KQL joins in Power BI and not only
Published Aug 10 2023 01:00 AM 3,051 Views
Microsoft

KQL best practices for joins and filters

For Power BI developers but not only

 

Summary

Many users who try  ADX in direct query mode encounter errors right away.

The errors  complain about lack of memory.

 If the tables are small enough, it may work but still performance will not be as advertised on TV.

The reason in most cases is the behavior of joins in ADX as they are created by PBI.

In this article I’ll show different approaches to joining tables as used by PBI for related tables or as can be expressed in KQL in general.

I created a special table in the help cluster with 31 million rows that is big enough to demonstrate the performance differences between the variations.

Worst vanilla case

All the examples use a model with three tables. One is a fact and two are dimensions, for dates and customers.

In PBI the model will look like this:

 

DanyHoter_0-1691654254619.png

 

If you try to build a report with two slicers and a simple table, you’ll see this error:

DanyHoter_1-1691654254623.png

 

This is the situation in the attached example worst case.pbix.

I forced the relationships to be 1:M and not M:M because the experienced PBI practitioner will try to avoid M:M and will find away to do that. Actually````````` 1:M relationship is part of the problem.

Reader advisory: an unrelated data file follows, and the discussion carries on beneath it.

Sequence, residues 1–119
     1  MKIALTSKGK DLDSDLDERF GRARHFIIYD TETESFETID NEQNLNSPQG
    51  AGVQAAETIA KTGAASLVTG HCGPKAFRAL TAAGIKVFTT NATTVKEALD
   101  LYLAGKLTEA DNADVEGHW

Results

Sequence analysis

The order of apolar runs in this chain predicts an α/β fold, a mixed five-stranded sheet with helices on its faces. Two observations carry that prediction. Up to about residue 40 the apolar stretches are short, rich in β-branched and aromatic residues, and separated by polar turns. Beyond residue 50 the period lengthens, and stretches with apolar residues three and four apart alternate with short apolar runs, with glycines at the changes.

The KQL statement created by PBI will look like (Simplified for readability)

Execute in [Web] [Desktop] [cluster('help.kusto.windows.net').database('ContosoSales')]

// Lacks memory

DuplicateFact

| join kind=leftouter Dates on $left.DateKey == $right.Datekey

| join kind=leftouter Customers on CustomerKey

| where RegionCountryName == "Canada"

| where FiscalYear == 2008

| summarize sum(SalesAmount) by StateProvinceName, FiscalHalfYear

 

You can run these examples by following the link to web, and see the error.

If we limit the size of the fact table by ~ 50% it will run but with very high memory consumption.

 

 

Execute in [Web] [Desktop] [cluster('help.kusto.windows.net').database('ContosoSales')]

// Very high memry with limited size fact table

DuplicateFact

| where SalesAmount > 100

| join kind=leftouter Dates on $left.DateKey == $right.Datekey

| join kind=leftouter Customers on CustomerKey

| where RegionCountryName == "Canada"

| where FiscalYear == 2008

| summarize sum(SalesAmount) by StateProvinceName, FiscalHalfYear

 

Statistics :

DanyHoter_2-1691654254625.png

 

 

First improvement – inner join

A simple change will make things better.

Execute in [Web] [Desktop] [cluster('help.kusto.windows.net').database('ContosoSales')]

// High memory but still works with inner join

DuplicateFact

| join kind=inner Dates on $left.DateKey == $right.Datekey

| join kind=inner Customers on CustomerKey

| where RegionCountryName == "Canada"

| where FiscalYear == 2008

| summarize sum(SalesAmount) by StateProvinceName, FiscalHalfYear

 

Stats:

DanyHoter_3-1691654254626.png

 

Notice the high memory utilization but it works.

In PBI, you can get inner joins in one of two ways:

  • M:M relationships with single direction filtering.